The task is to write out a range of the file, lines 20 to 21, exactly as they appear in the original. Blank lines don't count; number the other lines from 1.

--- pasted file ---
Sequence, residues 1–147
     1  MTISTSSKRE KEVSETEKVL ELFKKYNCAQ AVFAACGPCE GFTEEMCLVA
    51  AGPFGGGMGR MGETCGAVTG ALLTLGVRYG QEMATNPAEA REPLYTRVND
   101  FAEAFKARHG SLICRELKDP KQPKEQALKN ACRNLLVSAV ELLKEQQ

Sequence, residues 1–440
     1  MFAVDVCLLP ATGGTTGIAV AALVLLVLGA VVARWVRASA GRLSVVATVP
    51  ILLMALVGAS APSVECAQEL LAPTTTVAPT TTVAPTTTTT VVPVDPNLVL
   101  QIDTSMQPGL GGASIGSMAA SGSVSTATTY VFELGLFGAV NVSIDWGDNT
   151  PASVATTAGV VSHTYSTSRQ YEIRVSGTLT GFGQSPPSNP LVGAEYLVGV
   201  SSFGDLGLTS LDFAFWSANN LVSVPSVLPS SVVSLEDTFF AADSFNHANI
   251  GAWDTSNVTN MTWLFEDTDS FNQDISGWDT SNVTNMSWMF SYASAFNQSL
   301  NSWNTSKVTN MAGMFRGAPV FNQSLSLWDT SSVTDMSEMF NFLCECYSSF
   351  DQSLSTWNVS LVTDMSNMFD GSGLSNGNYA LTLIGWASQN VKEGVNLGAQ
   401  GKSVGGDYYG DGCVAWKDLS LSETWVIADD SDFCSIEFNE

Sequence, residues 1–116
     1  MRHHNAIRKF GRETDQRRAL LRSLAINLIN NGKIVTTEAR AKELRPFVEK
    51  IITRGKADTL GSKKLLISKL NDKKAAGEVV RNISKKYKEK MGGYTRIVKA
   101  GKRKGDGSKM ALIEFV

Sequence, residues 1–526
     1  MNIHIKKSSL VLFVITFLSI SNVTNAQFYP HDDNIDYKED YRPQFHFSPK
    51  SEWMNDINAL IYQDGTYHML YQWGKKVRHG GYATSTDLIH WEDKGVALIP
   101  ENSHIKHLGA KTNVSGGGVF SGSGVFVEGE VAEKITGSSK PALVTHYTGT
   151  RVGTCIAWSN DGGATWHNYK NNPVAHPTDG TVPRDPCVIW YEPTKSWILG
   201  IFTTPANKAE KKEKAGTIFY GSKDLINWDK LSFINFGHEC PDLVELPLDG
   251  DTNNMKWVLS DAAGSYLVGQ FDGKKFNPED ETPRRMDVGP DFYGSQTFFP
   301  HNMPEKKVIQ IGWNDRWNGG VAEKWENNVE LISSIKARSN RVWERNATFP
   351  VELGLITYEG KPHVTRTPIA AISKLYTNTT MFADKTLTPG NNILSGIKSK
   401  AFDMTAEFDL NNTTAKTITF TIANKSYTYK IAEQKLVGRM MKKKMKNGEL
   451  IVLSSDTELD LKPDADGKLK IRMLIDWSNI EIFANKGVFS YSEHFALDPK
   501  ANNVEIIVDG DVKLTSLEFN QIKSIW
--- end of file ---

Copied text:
     1  MNIHIKKSSL VLFVITFLSI SNVTNAQFYP HDDNIDYKED YRPQFHFSPK
    51  SEWMNDINAL IYQDGTYHML YQWGKKVRHG GYATSTDLIH WEDKGVALIP